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Roamers Picks / From a Hatchback in Yosemite to an Academy Award

Jimmy Chin and Chai Vasarhelyi behind the scenes in Yosemite Valley shooting Free Solo.

By Jimmy Chin ROAM's Chief Creative Officer

ROAM Founding Member Jimmy Chin recalls the moment he won the highest honor in filmmaking.

Living in my Subaru hatchback in Yosemite 20 years ago, I was just focused on climbing and where I was going to get my next meal. Becoming a professional photographer and directing films wasn’t even on the list of things I thought possible. Not in my wildest dreams would I have imagined winning an Academy Award.

The whole film release and Academy campaign season was a bit surreal. I don’t think most people realize how many events and screenings you go to over the course of the year. It was literally a 6 month campaign from premiere through the release and awards season. You’re traveling 3 to 4 times a week often with multiple interviews, screenings and events a day. It’s a marathon, not a sprint. And you don’t complain because you’re so conscious and grateful for how the film is doing. By the end of it, a lot of people had seen the film and we were getting really encouraging words from people like Leonardo, Brie Larsen, Daniel Day Lewis to Spielberg. I even ended up watching the movie with Robert De Niro and Clint Eastwood. The random encounters were kind of endless. Taylor Swift stopped us at one of the parties and was like “Oh my god…What?! How did he do it?!?!” But meeting Tom Hanks sticks out for me. I met him at the Governor’s Award after party. He stopped me in the hallway and reached out to shake my hand. “Free Solo is the most original film I’ve seen in 10 years.” We spoke for a few minutes…or he spoke for a few minutes…I stood and smiled a lot. When Tom walked away, I looked over to Evan, my producer who was standing behind me and he just said laughing “Yup, that just happened.”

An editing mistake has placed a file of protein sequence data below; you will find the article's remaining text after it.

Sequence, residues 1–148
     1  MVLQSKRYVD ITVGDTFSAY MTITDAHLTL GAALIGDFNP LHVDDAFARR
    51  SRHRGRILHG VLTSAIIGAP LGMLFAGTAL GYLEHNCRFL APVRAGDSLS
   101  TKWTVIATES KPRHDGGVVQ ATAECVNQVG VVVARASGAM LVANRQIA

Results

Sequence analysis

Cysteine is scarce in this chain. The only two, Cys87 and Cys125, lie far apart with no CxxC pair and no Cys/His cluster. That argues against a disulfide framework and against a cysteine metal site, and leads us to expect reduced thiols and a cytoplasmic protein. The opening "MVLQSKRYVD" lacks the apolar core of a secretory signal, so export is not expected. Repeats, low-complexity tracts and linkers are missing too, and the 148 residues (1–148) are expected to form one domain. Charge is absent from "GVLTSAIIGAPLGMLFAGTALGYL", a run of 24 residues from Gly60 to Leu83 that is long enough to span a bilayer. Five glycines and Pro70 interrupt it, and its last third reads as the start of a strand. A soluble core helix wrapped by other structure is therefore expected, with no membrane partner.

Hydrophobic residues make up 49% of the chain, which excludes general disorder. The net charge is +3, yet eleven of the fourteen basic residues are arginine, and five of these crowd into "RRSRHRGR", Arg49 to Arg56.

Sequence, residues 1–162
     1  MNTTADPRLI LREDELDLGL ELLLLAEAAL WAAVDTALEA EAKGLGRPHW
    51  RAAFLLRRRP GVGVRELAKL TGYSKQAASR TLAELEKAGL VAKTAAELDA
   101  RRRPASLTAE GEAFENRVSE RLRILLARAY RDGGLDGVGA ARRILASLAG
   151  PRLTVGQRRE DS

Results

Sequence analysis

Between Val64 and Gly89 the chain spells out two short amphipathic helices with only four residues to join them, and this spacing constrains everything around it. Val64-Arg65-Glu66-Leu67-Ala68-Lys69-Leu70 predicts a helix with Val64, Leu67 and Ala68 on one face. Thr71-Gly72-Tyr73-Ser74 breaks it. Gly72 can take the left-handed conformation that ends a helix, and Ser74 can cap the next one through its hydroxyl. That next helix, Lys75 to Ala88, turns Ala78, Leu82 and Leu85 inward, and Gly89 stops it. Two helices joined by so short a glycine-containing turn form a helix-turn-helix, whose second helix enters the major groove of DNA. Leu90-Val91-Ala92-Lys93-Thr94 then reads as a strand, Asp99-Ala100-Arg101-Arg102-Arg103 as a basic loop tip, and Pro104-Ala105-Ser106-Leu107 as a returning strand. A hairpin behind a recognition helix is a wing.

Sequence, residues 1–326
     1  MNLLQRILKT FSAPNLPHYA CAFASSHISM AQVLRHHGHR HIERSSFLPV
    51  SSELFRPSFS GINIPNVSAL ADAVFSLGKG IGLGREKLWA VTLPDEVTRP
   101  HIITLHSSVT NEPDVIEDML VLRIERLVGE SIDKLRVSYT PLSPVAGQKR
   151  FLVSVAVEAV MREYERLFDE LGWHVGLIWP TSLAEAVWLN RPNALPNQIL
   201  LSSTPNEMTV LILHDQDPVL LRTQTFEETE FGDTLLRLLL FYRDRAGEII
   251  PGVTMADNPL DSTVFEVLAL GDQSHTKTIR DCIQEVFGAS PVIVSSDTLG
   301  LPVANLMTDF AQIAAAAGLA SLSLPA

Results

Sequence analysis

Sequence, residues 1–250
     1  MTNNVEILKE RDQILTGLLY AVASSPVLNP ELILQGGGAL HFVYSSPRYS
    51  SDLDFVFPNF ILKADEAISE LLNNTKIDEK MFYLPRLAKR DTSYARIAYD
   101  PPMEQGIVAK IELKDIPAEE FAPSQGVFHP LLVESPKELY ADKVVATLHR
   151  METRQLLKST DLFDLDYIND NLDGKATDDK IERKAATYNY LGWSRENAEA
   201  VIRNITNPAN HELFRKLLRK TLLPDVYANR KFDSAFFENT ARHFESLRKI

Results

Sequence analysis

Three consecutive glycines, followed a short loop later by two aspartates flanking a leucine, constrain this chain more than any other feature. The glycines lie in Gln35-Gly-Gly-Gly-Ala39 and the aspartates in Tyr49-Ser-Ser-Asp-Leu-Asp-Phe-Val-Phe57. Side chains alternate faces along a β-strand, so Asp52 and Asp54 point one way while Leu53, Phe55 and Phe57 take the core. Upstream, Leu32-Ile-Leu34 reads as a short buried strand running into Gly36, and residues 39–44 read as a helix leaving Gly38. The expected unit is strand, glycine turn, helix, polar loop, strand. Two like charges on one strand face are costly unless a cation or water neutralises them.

Before the Oscars, my friend Jason Momoa had told me that he had been asked which category he wanted to announce at the Oscars. He said he chose Documentary because he was excited that if we won, he wanted to be the one who handed the award to us. Most people know him from Game of Thrones and Aquaman. Embarrassingly, I haven’t watched either. We have quite a few mutual friends and I only know him as a friend with a huge heart that is perpetually stoked and loves to climb. He also knows what life on the road show is like, living with the family in hotels for months, so whenever we were in LA he’d invite us all over to get the kids outside to hang or BBQ at his house for a home cooked meal.

We weren’t totally clear on when they were going to announce the Documentary category that evening.  It seemed like we’d just sat down when we saw Jason come on stage. I’d felt pretty casual up until then, trying to keep it cool over the weeks leading up to the Oscars, tempering my expectations etc. But at that moment, it got real, heart instantly thumping through your chest. So Jason’s up there and I sat, biting my lip, eyes wide, wishing I wasn’t wishing, just watching his facial expression. Then he opens the envelope. He’s smiling. He looks at Helen Mirren. Helen looks back at him and nods. He looks up and yells Free Solo!